It’s Springtime – not only for our plants and trees, but for the animal lives around us. And that means more animal sightings, injured animals and even snake encounters. In addition to the information below, please see my article on the most commonly asked questions on wildlife rescues plus rescue resources for Southern California.
Help for Injured Animals
If you find an injured animal, call your city’s animal control. Or, when we found a red-shouldered hawk with an injured wing last summer, we went to the California Department of Fish and Game page for wildlife facilities and found Kandie Cansler in Yucaipa listed as a wildlife rehab facility for raptors. After a couple months with Cansler, the hawk we named “Hawkins” was released back on our property. Within minutes, Hawkins’ long-time mate joined her. I’m happy to say we still hear and see them both flying together.
Our experience with ‘Hawkins’:
It’s also the time for injured babies or birds falling out of nests. For birds, most people know to look for the nest and place it in. It’s not true that the parents won’t accept the baby back once handled by people. Or you can hand fashion a nest (we’ve used those green strawberry baskets for smaller birds) and tie it up in a shrub or tree where you found it. While the parents may not appear to be present, they are.
Another common occurrence in spring, and also during fall migration, is birds flying into windows. Sometimes a window on the opposite side of your picture window may give the illusion of an open path. “If there is a particular time of day that bird strikes happen, then just shut the blinds or curtains during that time,” says Kurt Leuschner, a bird expert and natural resources professor at College of the Desert in Palm Desert.
If you have feeders or birdbaths, make sure they are within three feet of your window so birds don’t get enough speed to hurt themselves, or move them 15 or more feet away from windows. You can also hang something that moves, such as windchimes or a mobile, in front of your window. Putting translucent bird decals on windows, such as WindowAlert that is available at bird stores or online, can dramatically lower bird hits.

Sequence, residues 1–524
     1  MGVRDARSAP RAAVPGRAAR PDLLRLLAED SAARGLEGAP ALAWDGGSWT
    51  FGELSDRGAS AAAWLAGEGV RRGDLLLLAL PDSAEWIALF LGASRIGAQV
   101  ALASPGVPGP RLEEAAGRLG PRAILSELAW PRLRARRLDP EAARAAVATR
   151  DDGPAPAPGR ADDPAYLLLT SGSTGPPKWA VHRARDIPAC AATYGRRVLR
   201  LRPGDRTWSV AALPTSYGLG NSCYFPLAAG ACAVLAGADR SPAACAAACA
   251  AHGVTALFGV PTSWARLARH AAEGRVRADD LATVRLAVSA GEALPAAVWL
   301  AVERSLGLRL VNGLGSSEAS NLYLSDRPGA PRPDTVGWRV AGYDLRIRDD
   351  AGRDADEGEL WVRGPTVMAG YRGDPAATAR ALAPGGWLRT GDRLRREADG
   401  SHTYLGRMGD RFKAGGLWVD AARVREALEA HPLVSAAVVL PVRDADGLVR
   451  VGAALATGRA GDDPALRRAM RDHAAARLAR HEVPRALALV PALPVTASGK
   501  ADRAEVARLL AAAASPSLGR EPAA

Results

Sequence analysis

Lastly, the natural predator instincts of housecats kick in when allowed outdoors and they can do a lot of damage on young animals. Particularly in the spring, please consider keeping cats inside, build them an enclosed outdoor area or consider a Birds Be Safe collar (www.birdsbesafe.com), which has shown a dramatic decrease in bird kills.
On our half-acre in Redlands, we’ve recently had a visiting grey fox, an opossum and of course rabbits and squirrels, as well as several varieties of raptors. Be kind to our animals who predate on rodents by avoiding the use of rodenticides, most often used in those black or green boxes. Research continues to show high levels of rodenticides and mortality in animals through secondary poisoning.
If you live near or are hiking in a natural area, mating season runs through May for rattlesnakes, so sightings are more frequent. Yesterday at dusk I was walking on the West Ridge Trail at Oakmont Park and a mid-sized pink Western Diamondback rattler let me know that he was sharing the trail with me by rattling and then I saw him with his head lifted.
Snake experts such as Loma Linda University’s William Hayes all agree that it’s important to move away. Rattlesnake bites occur more often when people try to handle the snake. In my case there was a spur to the side of the rattler, which I could easily take. I looked back after going ten feet and the snake was moving off in the other direction. If you have a rattlesnake that has moved onto your property, it will likely move on.
But if it doesn’t, Hayes suggests relocating the snake to a natural area. (Click here for more on relocating rattlesnakes) “Studies show that most survive the relocation and gives them a chance of surviving. It’s much better than killing it,” he says. On our San Diego property which abutted a canyon, my husband relocated several smaller rattlesnakes by scooching it with a broom into a garbage can. But it’s best to call your animal control if it doesn’t move on.
Gopher snakes often get mistaken for rattlesnakes, and are a good snake to have around because they, like rattlesnakes, play a vital role in reducing rodent populations. More people ask how to control gophers or ground squirrels on their properties. One natural answer is snakes!